Well, I have a pretty powerful desktop that cost a few thousand USD, but it bogs down with just a few people using it. While some read/write applications are not that demanding of system resources, if you are using modules where 50 people are writing data to the database at the same time (like forum, quiz, chat) then the demand for system resources can get pretty high*.
But...perhaps this shouldn't suprising - afterall, the database has to find space on the disk to write this data coming in from all these different sources, do it securely, not lose or corrupt anyone's quiz answers or forum posts, etc. Authenticated users need to have their credentials checked when they log-in, and every URL they try to go to we have to see if they have permission to see the page there, and what they should see on the page (can they edit the quiz or just take the quiz, or have they already taken the quiz, etc.)
Most standard web hosts are set up to handle mostly one-way delivery of static web pages - the web page viewers are just looking at text and pictures, not logging in and not getting custom pages delivered depending on their role, and not writing lots of data back to the web server - the $10/month hosts are planning and pricing their service with this in mind- and putting hundreds of sites on a single machine (that likely isn't much more powerful than our desktops) - that works ok when most of the sites are static web pages, in these cases then a single machine can handle hundreds to 1000s of viewers, (depending on how big the pages and pictures are). Even with hosts that support MySQL or other RDMS, the low cost ones are not pricing or building their systems to handle large numbers of logged in users writing to the database.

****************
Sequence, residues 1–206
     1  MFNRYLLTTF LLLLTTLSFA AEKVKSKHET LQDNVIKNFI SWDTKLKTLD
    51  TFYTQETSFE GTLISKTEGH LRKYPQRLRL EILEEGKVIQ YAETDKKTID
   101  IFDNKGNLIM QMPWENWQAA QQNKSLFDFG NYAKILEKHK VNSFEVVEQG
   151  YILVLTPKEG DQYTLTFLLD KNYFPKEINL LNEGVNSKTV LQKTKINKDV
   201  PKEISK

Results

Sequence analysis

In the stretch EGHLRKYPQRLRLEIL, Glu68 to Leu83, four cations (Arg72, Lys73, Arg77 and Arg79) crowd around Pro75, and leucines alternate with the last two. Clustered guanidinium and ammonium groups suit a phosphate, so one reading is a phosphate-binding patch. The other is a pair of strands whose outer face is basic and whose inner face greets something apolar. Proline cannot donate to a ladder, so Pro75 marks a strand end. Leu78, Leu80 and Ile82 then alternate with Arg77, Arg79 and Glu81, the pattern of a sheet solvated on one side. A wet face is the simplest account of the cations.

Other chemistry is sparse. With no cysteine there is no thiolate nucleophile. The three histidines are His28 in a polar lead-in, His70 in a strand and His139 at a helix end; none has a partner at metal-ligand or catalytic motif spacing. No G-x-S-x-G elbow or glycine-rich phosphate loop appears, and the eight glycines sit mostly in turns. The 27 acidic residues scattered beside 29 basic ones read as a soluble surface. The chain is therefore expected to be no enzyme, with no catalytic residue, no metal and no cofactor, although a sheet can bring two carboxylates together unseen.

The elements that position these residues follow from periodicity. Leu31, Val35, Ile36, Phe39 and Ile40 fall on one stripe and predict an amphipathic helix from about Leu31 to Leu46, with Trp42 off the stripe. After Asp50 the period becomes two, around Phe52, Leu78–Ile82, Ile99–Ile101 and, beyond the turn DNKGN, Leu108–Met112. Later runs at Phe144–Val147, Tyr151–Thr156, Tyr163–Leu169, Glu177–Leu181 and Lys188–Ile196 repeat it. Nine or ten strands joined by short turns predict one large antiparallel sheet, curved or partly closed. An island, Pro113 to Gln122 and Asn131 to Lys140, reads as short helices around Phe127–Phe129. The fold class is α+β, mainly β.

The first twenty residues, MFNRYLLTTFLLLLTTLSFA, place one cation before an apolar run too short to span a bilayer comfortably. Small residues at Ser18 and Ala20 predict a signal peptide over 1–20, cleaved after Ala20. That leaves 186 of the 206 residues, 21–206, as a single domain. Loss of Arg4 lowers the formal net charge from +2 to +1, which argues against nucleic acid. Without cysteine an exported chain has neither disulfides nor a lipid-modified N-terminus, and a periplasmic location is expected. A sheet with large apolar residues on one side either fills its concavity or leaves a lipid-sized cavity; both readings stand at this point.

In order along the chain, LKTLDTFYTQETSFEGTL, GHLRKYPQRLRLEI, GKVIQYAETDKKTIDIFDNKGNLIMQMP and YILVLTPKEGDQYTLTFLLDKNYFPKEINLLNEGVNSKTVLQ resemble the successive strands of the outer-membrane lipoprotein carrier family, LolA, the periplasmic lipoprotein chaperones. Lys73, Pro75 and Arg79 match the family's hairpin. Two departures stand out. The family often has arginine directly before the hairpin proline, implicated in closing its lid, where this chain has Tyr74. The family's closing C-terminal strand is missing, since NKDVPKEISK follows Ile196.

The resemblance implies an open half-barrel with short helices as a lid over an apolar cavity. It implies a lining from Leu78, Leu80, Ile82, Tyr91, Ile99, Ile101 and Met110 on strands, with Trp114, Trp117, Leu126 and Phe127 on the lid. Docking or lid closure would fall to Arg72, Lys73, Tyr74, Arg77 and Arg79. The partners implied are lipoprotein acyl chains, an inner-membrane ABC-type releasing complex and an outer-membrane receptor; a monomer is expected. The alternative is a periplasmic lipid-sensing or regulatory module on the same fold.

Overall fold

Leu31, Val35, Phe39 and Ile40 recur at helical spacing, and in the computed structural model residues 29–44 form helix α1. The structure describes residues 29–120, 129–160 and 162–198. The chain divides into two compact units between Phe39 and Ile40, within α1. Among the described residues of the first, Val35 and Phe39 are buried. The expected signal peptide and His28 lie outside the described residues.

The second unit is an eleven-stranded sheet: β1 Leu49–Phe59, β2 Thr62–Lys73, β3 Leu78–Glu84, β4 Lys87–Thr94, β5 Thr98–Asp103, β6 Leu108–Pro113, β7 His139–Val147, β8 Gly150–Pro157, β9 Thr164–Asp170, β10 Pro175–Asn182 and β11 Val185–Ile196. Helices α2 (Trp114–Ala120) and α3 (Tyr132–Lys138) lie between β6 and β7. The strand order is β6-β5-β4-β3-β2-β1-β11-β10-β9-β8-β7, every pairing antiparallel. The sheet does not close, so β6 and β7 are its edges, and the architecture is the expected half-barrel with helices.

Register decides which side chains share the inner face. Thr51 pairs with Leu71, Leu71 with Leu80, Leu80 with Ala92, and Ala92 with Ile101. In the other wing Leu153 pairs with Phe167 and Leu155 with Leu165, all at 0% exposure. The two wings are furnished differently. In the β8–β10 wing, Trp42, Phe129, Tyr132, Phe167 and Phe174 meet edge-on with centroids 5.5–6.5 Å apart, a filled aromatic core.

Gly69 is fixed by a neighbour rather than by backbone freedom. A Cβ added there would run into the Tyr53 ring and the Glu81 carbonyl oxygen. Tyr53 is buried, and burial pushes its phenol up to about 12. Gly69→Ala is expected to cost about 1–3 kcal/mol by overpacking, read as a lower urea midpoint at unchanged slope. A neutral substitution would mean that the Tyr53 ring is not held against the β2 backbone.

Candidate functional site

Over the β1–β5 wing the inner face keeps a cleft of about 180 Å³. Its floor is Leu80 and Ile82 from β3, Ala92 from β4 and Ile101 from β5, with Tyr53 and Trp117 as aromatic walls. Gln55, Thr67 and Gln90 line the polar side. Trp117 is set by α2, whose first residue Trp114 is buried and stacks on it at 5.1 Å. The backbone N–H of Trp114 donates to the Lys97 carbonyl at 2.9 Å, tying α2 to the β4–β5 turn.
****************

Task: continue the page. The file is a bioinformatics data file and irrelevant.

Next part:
By contrast, Moodle partners are experienced in running read/write applications in general, and Moodle in specific - read/write applciations as a type require much more in the way of server resources and specifically much more resources on the database side as well as staff expertise in building and managing these. If you look at pricing for delivering these kinds of services reliably, most Moodle partners are well in line with industry standards for read/write application hosting, and often offer additional Moodle specific services & skills that can prove worth having.
*It's important to define "concurrent users" -are these 50 people logging in to take the same quiz at the same time and finishing the quiz at the same time? Are they all in one chat room? Or are they 50 people who will show up during the same 24 hour period, but not likely at the exact same place and time?